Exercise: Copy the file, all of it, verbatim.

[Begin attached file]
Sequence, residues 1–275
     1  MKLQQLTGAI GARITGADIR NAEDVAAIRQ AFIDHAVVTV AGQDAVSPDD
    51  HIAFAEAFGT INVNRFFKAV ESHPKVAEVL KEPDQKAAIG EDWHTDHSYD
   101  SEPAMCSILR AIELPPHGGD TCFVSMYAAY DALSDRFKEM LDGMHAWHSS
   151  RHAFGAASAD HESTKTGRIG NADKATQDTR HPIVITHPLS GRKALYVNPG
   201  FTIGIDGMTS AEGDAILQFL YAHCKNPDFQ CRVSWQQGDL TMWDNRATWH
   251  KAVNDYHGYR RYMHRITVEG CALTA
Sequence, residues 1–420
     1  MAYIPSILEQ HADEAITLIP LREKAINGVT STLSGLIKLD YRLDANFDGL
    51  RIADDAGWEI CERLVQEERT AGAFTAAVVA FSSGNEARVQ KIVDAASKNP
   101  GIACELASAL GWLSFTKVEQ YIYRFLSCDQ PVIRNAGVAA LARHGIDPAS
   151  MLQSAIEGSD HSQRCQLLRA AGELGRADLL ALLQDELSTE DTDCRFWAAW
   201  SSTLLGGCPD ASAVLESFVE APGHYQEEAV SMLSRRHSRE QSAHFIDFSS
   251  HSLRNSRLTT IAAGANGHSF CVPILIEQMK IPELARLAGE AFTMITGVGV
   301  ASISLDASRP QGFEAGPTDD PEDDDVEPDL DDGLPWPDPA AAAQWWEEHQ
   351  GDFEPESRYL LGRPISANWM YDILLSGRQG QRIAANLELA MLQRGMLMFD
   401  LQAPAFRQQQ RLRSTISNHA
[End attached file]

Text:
Sequence, residues 1–275
     1  MKLQQLTGAI GARITGADIR NAEDVAAIRQ AFIDHAVVTV AGQDAVSPDD
    51  HIAFAEAFGT INVNRFFKAV ESHPKVAEVL KEPDQKAAIG EDWHTDHSYD
   101  SEPAMCSILR AIELPPHGGD TCFVSMYAAY DALSDRFKEM LDGMHAWHSS
   151  RHAFGAASAD HESTKTGRIG NADKATQDTR HPIVITHPLS GRKALYVNPG
   201  FTIGIDGMTS AEGDAILQFL YAHCKNPDFQ CRVSWQQGDL TMWDNRATWH
   251  KAVNDYHGYR RYMHRITVEG CALTA
Sequence, residues 1–420
     1  MAYIPSILEQ HADEAITLIP LREKAINGVT STLSGLIKLD YRLDANFDGL
    51  RIADDAGWEI CERLVQEERT AGAFTAAVVA FSSGNEARVQ KIVDAASKNP
   101  GIACELASAL GWLSFTKVEQ YIYRFLSCDQ PVIRNAGVAA LARHGIDPAS
   151  MLQSAIEGSD HSQRCQLLRA AGELGRADLL ALLQDELSTE DTDCRFWAAW
   201  SSTLLGGCPD ASAVLESFVE APGHYQEEAV SMLSRRHSRE QSAHFIDFSS
   251  HSLRNSRLTT IAAGANGHSF CVPILIEQMK IPELARLAGE AFTMITGVGV
   301  ASISLDASRP QGFEAGPTDD PEDDDVEPDL DDGLPWPDPA AAAQWWEEHQ
   351  GDFEPESRYL LGRPISANWM YDILLSGRQG QRIAANLELA MLQRGMLMFD
   401  LQAPAFRQQQ RLRSTISNHA